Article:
I am trying to make a serial servo controller using pic18f4550 microcontroller.

following if the complete code that i've tried..

please note that i'm currently sending 8bit hex to control only one servo. i'm sending this data from one pic to another..

#define FREQ 20000000
#define baud 9600
#define spbrg_value (((FREQ/64)/baud)-1)

unsigned char rx_data(void);
void tx_data(unsigned char);

void main()
int i;
double state;
int ip1=0;
SPBRG=spbrg_value;      // Fill the SPBRG register to set the Baud Rate
RCSTA.SPEN=1;           // To activate Serial port (TX and RX pins)
TXSTA.TXEN=1;           // To enable transmission
RCSTA.CREN=1;           // To enable continuous reception


    ip1=rx_data();    // Receive data from PC

    //this part doesn't gets executed!!

    for (i=0;i<state;i++)


    for (i=0;i<200-state;i++)

void tx_data(unsigned char data1)
TXREG=data1;                                     // Store data in Transmit register
while(PIR1.TXIF==0);                             // Wait until TXIF gets low

unsigned char rx_data(void)
while(PIR1.RCIF==0);                           // Wait until RCIF gets low
return RCREG;                                 // Retrieve data from reception register

i've made sure that proper data is being sent by the master pic by hooking up to the PC's serial port and observe output..

as stated in code the part after ip1=rx_data(); doesn't gets executed.

i've also confirmed by commenting out the ip1=rx_data(); part and then replacing ip1 variable with an int value... then the servo moves to the proper position according to the value instead of ip1(which ranges from 0 to 255).

any help?


with the suggestions given in the answers i've cross checked the following.

1.Both PICs running on 20mhz so frequency is correct.

2.serial data format is correct. i am receiving the proper data to the PC.

3.Wiring checked.

4.decoupling( plz explain how to do proper decoupling).

5.power supply. ( both running of a 5v 1 amp wall chargers).

so the most probable problem (other than the software) may be the improper decoupling. can anyone explain this to me?

  • \$\begingroup\$ Your question has nothing to do with servo control. I suggest renaming it, and removing the tag. \$\endgroup\$ Dec 19, 2014 at 18:56
  • \$\begingroup\$ Decoupling: a capacitor (typically 0.1uF) connected directly across the MCU power pins. \$\endgroup\$ Dec 19, 2014 at 20:29

2 Answers 2


Firstly, Your code is blocking. That's not the way to wait for serial data. You will have to monitor the RX interrupt flag from the main loop and if set do the ip1=rx_data(); to get the data. In your case, if your wiring of the UART pins are wrong or there is no data from the master MCU, the line while(PIR1.RCIF==0); is an infinite loop. That explains why the rest of your code doesn't work.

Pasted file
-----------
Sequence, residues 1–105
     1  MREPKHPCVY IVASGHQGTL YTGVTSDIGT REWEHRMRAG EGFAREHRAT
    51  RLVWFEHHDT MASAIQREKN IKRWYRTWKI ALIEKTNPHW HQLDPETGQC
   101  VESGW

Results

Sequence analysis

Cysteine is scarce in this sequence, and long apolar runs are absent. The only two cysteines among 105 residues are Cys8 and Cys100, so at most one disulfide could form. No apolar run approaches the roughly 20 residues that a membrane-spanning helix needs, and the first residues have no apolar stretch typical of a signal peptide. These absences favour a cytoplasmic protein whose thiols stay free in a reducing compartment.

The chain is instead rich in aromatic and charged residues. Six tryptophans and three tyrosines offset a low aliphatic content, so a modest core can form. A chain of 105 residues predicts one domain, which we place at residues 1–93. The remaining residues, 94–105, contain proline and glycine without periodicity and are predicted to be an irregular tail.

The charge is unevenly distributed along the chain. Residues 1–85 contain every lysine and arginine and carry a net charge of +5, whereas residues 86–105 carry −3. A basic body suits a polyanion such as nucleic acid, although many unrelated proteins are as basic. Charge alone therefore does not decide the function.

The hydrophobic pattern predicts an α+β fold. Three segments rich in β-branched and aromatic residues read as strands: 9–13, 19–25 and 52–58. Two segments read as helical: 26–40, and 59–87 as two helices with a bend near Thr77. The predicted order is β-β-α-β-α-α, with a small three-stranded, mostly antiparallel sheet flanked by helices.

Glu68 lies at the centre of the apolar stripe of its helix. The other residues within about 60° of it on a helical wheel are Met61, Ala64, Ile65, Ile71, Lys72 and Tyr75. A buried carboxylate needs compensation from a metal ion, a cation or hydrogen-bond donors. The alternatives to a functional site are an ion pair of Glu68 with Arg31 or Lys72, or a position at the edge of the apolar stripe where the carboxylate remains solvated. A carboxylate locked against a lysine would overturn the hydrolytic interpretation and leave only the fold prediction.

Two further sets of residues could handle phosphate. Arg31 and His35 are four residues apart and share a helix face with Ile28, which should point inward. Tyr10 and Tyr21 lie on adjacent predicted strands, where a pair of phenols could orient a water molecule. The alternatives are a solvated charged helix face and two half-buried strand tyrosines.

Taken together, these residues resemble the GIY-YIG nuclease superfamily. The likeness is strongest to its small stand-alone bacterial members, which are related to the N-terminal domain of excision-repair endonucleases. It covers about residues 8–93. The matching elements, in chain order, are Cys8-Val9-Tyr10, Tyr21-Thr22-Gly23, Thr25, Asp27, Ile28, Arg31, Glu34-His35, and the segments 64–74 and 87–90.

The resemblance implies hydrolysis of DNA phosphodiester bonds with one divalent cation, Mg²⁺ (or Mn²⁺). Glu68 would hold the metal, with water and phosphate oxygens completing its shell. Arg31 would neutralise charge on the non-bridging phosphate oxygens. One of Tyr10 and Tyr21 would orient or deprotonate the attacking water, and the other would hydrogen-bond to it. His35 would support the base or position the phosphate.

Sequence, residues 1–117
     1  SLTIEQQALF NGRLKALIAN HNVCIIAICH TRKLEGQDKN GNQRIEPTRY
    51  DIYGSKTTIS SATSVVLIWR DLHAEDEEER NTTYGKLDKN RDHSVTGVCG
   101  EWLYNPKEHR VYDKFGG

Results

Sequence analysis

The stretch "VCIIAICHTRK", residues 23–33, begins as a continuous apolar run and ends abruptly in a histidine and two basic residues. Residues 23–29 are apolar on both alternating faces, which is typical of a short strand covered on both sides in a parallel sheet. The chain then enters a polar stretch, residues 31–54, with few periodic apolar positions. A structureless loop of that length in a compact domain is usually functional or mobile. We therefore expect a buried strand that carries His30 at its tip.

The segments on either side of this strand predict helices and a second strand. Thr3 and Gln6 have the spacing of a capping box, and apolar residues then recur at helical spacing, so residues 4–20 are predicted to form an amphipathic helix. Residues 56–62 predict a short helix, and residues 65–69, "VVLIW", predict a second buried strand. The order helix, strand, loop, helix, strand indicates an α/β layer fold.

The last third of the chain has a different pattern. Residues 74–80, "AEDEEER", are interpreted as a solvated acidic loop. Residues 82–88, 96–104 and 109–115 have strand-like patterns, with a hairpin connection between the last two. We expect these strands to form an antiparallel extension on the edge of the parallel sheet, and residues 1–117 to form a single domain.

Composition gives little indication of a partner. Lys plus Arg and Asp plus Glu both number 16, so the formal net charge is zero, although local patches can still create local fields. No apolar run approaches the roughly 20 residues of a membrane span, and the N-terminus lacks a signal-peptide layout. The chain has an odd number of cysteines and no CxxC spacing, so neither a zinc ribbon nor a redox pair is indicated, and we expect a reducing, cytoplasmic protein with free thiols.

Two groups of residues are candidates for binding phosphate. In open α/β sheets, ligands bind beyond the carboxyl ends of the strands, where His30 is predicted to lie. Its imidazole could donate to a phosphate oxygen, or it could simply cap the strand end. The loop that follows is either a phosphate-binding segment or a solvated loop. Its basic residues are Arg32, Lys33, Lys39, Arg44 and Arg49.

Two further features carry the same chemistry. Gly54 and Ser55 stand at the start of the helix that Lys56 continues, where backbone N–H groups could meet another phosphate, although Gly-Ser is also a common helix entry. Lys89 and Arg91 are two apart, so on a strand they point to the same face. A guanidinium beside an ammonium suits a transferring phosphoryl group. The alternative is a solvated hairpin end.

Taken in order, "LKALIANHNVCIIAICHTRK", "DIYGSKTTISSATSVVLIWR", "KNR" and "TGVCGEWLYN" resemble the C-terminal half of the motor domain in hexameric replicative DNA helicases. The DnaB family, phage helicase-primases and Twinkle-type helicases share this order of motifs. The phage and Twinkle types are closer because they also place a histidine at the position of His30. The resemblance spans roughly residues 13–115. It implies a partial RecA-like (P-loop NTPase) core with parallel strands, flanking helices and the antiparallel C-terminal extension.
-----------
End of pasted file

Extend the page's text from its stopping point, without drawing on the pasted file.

Second thing I noticed is that you are giving the servo only one pulse per control signal. Most hobby RC servo motors expect at least 3 such pulses to reliably position the horn.

  • \$\begingroup\$ Not just 3. RC servos will slack off if it stops receiving pulses. So you need to continuously send pulses at a rate of 20 per second to hold the horn position. \$\endgroup\$
    – slebetman
    Dec 19, 2014 at 7:18
  • \$\begingroup\$ That is true if there is load on the servo horn trying to move it. If there is no load or a small load, 3 pulses is enough to put it at the right potion. \$\endgroup\$
    – Siddharth
    Dec 19, 2014 at 7:38
  • \$\begingroup\$ 3 pulses may not be enough. A Hitec HS-325HB that I tested needed 13~14 consecutive pulses to move from the 1ms to 2ms position. \$\endgroup\$ Dec 19, 2014 at 20:46

Your code appears to be working fine, so if it's sticking in rx_data() then either the PIC is running on the wrong frequency, the serial data format is incorrect, or you have a hardware problem (wiring error, inadequate decoupling, bad power supply etc.).

To get sufficient clock accuracy you should be using a crystal or ceramic resonator, and the configuration bits must be set to HS oscillator. Also check that the master PIC is sending serial data with the same format and baud rate (accurate to better than 2%). Just because your PC can read it does not prove that it is correct!

Another possible issue is that your code only produces one servo pulse for each serial byte received. If you intend to send a byte every 20ms or so then that's fine, but be aware that the servo may not work properly if the pulse repetition rate is too low or too high.


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